You Want to Be a Writer? Act Like One

These past few weeks, the entire month of February, has been strange for me. I had a tonsillectomy on the 31st of January and practically all of February was spent in bed recovering, or scrambling to get homework done as my semester for my bachelors program was winding down.

Yes, I know, I’m excellent at scheduling things and procrastination.

This strange time warp (thank you liquid Lortab for keeping the pain at bay and helping me catch up on much needed sleep, even if the nightmares were terrifying) left little time for me to write, and write coherently.

I was back at work for three days before this first cold whammied me into another week of bed rest. But it gave me a little more time to think and process, and yes, write!

I’ve been listening to a few new podcasts lately, all about writing and being a writer. There were a few that talked about whether or not a writer can call themselves a writer and what the criteria was or should be. Should you have a book published? A famous column in a newspaper? Can you be called a writer if only one other person, or no one has read any works?

I have always called myself a writer. I’ve started and finished several novels, short stories, plays and poems, not to mention blog posts and forum posts here and there. As far as I am concerned, I am a writer.

But over these past few months, I haven’t really been acting like a writer. I haven’t had that drive to finish something, or post something, or even think about writing in the least.

I am very pleased to say that today for the first time in a long while, I pulled out a short story that I wrote years ago and edited it. I’m not going to lie, I struggled to get motivated, to actually edit and not get distracted by the internet, or flash games, or more podcasts and posts about writing, but once I got into it and started, it was much easier.

I am a writer, and I am going to act like it.


#29: Dead Plants

She keeps the dead plants in their pots to remind her that she’s still living.

They’re dead and dried and curled up on themselves, but they remind her that even in the best conditions, things just die anyway.

She looks at the dead plants on her window sill and remembers to live her life to the fullest, never letting fear or inadequacy scare her.

She breaks barriers, and creates without question.

She lives, but the plants, just like parts of the old her, are still dead.

#27: Binoculars

He uses Binoculars because he is afraid to touch her. He’s afraid to talk to her, to face her head on. He’s scared because he fears she will laugh at him, reject him, avoid him.

He wants to talk to her, but the fear swallows him up whole. He finds that he likes watching her from afar.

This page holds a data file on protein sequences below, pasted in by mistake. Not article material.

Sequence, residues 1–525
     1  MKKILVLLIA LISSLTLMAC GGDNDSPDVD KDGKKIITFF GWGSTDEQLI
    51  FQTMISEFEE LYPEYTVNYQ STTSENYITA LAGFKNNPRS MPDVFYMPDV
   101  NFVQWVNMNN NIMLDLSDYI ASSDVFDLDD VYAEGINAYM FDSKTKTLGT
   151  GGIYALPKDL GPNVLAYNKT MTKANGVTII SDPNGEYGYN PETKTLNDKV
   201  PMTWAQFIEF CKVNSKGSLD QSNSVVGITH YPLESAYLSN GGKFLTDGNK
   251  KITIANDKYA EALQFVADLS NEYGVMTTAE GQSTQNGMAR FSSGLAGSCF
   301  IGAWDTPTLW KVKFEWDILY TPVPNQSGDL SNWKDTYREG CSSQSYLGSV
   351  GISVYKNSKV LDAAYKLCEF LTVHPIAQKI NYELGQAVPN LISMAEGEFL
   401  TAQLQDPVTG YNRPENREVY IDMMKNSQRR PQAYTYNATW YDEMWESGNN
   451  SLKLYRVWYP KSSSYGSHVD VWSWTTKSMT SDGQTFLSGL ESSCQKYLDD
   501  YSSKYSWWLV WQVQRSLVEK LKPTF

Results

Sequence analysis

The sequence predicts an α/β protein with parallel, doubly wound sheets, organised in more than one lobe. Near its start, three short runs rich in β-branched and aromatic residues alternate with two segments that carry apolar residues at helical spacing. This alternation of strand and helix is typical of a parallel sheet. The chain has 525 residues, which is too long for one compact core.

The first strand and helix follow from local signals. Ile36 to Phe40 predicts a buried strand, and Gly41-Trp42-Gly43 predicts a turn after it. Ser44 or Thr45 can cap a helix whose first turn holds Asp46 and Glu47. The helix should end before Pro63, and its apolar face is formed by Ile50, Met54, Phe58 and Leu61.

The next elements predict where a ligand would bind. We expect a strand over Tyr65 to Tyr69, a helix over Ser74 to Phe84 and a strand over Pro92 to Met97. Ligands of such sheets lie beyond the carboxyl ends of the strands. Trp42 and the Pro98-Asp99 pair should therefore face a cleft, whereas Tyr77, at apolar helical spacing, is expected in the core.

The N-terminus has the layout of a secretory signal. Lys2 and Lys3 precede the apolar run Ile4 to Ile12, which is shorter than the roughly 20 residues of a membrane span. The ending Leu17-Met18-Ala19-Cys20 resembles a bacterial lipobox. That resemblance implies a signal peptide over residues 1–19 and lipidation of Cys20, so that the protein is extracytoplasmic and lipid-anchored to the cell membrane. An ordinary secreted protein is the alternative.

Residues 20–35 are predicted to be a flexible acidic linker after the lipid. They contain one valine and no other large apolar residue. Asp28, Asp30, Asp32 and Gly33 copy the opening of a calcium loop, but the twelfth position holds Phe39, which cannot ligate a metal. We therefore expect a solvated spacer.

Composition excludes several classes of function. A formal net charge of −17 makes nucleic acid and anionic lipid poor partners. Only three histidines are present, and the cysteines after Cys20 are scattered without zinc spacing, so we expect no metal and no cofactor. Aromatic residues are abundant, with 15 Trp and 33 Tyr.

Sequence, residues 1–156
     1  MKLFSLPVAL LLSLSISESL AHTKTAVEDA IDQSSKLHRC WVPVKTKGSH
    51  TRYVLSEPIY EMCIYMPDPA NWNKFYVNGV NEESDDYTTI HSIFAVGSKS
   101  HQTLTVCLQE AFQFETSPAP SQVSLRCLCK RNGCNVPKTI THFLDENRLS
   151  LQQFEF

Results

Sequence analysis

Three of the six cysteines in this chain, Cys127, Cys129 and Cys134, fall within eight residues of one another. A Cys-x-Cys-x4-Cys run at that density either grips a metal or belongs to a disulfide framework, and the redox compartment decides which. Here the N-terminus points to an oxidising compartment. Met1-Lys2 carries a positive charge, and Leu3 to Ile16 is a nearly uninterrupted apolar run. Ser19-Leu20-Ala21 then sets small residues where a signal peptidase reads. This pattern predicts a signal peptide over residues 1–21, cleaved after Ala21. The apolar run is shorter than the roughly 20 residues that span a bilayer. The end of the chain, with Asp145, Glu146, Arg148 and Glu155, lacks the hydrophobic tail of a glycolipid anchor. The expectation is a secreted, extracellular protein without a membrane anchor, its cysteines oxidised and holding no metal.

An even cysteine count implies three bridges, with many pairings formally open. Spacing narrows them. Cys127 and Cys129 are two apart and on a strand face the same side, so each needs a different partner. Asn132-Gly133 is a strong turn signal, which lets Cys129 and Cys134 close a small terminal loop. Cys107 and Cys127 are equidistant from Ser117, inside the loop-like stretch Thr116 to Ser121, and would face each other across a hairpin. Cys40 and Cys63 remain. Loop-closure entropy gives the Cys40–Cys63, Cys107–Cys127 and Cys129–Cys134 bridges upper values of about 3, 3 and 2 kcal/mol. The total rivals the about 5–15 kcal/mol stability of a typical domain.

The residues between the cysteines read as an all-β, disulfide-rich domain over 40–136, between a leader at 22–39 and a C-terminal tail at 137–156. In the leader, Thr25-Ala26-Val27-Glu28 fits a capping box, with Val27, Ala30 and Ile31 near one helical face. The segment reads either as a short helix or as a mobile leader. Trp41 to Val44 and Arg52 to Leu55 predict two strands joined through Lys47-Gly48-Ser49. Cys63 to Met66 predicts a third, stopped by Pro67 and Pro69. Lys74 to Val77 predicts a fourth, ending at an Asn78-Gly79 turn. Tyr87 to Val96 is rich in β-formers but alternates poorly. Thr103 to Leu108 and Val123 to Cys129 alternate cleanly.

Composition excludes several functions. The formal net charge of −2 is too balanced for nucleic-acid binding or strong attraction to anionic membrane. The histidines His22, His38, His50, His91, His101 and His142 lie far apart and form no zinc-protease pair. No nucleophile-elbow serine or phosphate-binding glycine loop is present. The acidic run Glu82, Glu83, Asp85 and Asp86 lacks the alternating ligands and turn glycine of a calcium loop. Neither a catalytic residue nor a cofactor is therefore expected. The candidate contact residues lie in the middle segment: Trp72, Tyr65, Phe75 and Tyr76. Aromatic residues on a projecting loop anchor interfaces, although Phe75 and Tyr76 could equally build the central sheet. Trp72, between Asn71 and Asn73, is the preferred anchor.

The way she carries herself when no one else is watching. How calm and comfortable she is when no one else is around.

He wants to touch her, but she’s too far away.

Until she’s banging on his door at three in the morning.

#26: The Tree is Still Up

Dear you,

I drove by the park where we used to hang out after school. It’s been years, but the playground is still standing, the rust crawling up from the sand and eating away the paint. The benches are still there, cracking with age, splintering away more and more with each rain.

The tree is still up. The same tree where we carved our initials in a jagged heart. The same tree where we shared our first kiss. The same tree where you told me you were leaving.

It’s still there, and I’m still here.

Where are you?

#25: XXX

The list in her hands was old. The page crumpled up multiple times, as if shoved into a pocket or a fist several times. The names were scribbled in a quick scrawl, the red X’s across them a sign of something.

“What is this?” She asked, gazing up from the list at the man in uniform before her.

“A hit list,” he said, adjusting his belt around his hips. “My boss wants me to keep you safe and these men are–” he let a brief smirk cross his lips, “–were after you.”

She put her hands to her hips. “Obviously my father doesn’t think I can take care of myself,” she said, unsheathing the knife from it’s place at her hip. “But he doesn’t know about my list.”

Ten minutes later, she placed a red X over his name.

#24: The Gambler

He rolls the dice in his hands like they mean something to him, blows on them like they really are hot between his palms, says prayers in as many languages as he knows, as if he believes in all those higher powers.

It still isn’t enough and he loses his gamble with Death. Not with his own life, of course, but with hers.

“There’s nothing else we can do,” The doctors tell him, but he sees the dark cloaked figure staring at him from the corner of the hospital room.

“Double or nothing,” he whispers as soon as the doctors are out of earshot.

Eyes with more life than he has ever seen behind that dark cloak stare back at him, alive with a curiosity.

He follows his usual protocol and rolls.